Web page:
Not all olive oils are created equal

Volume 5    |    Issue 92

You're probably very familiar with the health benefits of olive oil. But did you know that all olive oils are not created equal?

If you really want to reap the health benefits of olive oil, it's crucial that you procure extra virgin olive oil (EVOO), the only form of olive oil that retains its natural phenols (antioxidants) and other active compounds. EVOO is minimally processed, whereas other oil grades, such as virgin, "pure," or "light," have been industrially refined and the healthful phenols destroyed.

But there's something else you need to know about EVOO's health-promoting properties — they have a relatively short shelf life. Recent studies have found that the potent phenols decline by 40% after only six months.

So how can you be sure you're getting the freshest, most healthful EVOO? Simply select EVOO from the most recent olive harvest. This is the best strategy for obtaining the highest-quality, highest-phenolic oil. This can be a little tricky to keep track of — I know I can't keep up with it. So here's a source — the only one I know of — that procures independently lab certified EVOO according to the global harvest schedule.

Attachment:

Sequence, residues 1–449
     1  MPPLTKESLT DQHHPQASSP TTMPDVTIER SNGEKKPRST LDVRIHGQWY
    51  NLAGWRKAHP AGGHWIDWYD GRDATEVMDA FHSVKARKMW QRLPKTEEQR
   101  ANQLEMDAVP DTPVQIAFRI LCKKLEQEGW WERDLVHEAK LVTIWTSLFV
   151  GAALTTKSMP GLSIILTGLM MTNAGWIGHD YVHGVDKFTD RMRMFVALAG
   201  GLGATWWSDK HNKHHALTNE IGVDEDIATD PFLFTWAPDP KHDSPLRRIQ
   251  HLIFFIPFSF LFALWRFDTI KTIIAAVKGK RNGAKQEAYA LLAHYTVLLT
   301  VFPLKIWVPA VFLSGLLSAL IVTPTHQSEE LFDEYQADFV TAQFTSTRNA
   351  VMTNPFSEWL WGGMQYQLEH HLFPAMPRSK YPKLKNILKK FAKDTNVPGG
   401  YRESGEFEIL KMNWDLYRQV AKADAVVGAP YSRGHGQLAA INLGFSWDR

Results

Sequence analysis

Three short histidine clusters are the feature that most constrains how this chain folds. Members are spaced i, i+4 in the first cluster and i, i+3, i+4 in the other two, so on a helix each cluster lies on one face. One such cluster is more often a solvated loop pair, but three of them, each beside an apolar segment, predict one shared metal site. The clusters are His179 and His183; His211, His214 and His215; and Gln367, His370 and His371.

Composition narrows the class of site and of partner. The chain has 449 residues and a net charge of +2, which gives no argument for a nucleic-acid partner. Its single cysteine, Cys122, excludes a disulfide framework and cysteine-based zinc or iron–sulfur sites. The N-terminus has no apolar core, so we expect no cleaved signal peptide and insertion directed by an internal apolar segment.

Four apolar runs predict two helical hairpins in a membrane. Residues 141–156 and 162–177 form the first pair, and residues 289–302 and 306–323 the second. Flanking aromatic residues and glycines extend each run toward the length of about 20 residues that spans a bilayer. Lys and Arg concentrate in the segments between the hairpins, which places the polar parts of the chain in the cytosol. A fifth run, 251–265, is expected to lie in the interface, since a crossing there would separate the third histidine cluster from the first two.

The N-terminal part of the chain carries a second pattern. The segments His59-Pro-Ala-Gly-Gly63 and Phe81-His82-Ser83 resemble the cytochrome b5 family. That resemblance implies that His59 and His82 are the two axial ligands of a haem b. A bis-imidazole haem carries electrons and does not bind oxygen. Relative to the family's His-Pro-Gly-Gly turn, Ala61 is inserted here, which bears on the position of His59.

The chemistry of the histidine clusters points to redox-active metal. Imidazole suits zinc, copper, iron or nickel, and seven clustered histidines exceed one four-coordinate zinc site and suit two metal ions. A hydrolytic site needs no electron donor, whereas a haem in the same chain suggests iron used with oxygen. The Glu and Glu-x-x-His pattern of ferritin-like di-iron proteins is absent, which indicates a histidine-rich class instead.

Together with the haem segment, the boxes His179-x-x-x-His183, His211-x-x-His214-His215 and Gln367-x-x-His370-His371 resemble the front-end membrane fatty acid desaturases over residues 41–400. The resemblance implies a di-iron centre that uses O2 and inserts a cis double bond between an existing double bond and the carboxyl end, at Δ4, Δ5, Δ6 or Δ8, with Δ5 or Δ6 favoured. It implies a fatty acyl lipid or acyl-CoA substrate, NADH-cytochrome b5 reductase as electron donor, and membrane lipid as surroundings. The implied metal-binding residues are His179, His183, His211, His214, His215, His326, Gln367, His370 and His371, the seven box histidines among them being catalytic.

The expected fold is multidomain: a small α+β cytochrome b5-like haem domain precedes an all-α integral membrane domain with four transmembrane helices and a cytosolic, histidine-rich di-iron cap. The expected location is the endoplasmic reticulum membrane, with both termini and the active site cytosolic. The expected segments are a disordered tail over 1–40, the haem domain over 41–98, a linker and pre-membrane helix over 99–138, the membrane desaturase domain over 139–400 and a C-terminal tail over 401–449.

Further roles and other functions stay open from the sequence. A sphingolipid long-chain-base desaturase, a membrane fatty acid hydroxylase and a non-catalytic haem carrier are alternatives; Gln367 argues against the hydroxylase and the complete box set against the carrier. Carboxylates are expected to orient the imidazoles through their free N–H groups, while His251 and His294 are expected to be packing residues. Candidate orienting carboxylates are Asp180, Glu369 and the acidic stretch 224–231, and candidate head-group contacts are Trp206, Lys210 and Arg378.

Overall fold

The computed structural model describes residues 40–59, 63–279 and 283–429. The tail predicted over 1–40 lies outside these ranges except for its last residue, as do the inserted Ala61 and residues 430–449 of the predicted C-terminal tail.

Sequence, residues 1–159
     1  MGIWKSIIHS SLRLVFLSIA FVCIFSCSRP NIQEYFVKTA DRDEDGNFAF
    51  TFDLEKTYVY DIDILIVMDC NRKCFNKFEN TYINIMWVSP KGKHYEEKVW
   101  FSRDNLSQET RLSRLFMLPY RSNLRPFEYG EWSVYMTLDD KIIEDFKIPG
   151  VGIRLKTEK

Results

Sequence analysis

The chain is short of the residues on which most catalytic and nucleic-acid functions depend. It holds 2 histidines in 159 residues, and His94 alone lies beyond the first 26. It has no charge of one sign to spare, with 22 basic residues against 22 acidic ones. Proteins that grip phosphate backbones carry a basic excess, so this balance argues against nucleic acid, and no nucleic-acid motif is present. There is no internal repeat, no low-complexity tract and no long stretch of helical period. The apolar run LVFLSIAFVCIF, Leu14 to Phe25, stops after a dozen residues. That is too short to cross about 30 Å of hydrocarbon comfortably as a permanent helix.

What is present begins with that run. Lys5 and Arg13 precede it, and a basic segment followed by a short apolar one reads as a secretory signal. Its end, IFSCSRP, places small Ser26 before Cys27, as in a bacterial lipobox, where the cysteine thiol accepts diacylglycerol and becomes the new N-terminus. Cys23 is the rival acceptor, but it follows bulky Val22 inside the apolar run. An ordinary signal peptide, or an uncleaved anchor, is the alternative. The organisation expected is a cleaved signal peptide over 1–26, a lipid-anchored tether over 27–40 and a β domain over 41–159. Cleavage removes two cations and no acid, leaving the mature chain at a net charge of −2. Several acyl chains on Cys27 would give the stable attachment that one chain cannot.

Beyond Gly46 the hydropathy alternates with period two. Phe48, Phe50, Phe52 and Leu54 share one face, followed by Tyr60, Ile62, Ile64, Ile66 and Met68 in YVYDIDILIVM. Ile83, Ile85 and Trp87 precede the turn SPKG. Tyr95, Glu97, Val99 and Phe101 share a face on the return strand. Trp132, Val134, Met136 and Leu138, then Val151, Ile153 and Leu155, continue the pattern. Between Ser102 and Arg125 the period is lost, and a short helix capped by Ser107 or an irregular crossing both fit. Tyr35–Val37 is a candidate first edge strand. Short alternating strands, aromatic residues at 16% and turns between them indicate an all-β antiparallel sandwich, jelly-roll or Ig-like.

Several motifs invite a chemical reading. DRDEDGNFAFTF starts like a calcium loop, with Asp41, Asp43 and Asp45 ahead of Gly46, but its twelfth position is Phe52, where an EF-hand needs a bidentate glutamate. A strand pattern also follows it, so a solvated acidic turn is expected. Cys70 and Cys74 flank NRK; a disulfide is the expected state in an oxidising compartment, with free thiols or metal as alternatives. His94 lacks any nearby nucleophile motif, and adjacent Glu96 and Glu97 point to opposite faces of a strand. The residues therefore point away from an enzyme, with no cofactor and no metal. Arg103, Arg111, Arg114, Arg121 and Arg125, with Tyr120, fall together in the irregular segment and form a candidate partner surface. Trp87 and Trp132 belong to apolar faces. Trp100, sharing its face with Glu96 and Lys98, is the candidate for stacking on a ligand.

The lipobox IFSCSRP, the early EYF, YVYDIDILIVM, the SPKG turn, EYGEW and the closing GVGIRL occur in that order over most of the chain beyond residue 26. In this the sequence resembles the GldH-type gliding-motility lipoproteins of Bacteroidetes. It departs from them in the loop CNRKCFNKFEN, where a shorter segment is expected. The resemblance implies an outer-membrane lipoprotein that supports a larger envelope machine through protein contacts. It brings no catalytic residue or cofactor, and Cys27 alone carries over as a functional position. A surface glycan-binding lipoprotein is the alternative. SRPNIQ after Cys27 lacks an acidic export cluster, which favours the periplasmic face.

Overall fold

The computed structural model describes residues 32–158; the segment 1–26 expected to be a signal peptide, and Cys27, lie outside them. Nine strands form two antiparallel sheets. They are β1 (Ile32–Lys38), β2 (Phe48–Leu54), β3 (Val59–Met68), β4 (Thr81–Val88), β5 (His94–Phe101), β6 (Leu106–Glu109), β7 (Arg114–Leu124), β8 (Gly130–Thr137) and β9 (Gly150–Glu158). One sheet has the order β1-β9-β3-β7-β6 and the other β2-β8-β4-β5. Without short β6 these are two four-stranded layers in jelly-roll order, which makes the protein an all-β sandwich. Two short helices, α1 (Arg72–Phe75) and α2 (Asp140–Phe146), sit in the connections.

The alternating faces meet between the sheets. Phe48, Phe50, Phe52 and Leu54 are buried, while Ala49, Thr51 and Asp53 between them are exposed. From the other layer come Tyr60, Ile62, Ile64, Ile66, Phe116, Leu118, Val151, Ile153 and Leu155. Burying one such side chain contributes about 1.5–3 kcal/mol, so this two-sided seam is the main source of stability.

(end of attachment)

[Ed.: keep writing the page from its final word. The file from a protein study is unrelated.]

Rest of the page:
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With this type of "scheduled" olive oil, the many health benefits of olive oil are right at your fingertips — or at the tip of your tongue. To me, one of the most exciting benefits of olive oil is its ability to prevent type-2 diabetes, as has been shown in several studies. In the recent PREDIMED study (a long-term nutritional intervention study aimed to assess the efficacy of the Mediterranean diet), the group of people who ate an olive oil-rich Mediterranean diet reported 40% fewer cases of diabetes than the control group (who did not consume olive oil). In another study, which evaluated people at risk for diabetes, two tablespoons per day of EVOO, along with fiber, reduced fasting and 2-hour glucose (blood sugar) to normal, non-diabetic levels.